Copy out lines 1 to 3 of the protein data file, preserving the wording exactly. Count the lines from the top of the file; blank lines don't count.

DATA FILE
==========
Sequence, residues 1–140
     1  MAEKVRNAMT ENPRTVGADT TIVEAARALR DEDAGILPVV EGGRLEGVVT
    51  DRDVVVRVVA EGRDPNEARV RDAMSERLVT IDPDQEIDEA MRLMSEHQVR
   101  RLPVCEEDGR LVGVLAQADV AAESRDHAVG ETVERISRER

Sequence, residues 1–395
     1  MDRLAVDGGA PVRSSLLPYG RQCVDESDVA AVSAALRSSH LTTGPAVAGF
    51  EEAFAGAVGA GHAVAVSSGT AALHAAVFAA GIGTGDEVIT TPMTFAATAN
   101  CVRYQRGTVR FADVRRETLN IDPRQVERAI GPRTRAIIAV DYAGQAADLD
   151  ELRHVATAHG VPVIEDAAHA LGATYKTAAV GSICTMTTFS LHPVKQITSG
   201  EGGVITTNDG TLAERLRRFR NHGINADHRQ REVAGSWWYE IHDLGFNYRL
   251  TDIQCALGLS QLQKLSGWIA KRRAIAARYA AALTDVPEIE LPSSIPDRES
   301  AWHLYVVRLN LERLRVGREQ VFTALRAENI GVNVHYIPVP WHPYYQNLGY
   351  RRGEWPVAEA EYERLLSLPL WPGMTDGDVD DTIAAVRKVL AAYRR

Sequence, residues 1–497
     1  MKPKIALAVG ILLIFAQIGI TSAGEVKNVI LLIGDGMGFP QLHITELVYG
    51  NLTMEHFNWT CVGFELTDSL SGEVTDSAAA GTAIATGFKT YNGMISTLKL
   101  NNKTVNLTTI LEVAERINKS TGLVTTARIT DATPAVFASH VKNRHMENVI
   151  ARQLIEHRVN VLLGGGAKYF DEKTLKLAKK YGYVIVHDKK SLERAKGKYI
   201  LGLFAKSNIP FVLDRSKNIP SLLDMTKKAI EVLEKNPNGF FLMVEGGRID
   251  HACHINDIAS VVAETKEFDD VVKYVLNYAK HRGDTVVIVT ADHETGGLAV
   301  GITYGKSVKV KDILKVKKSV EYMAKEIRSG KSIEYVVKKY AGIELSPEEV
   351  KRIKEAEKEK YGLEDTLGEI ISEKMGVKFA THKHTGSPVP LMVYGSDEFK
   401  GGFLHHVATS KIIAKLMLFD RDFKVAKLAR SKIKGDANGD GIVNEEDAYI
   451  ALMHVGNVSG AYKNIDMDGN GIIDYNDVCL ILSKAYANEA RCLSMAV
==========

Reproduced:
Sequence, residues 1–140
     1  MAEKVRNAMT ENPRTVGADT TIVEAARALR DEDAGILPVV EGGRLEGVVT
    51  DRDVVVRVVA EGRDPNEARV RDAMSERLVT IDPDQEIDEA MRLMSEHQVR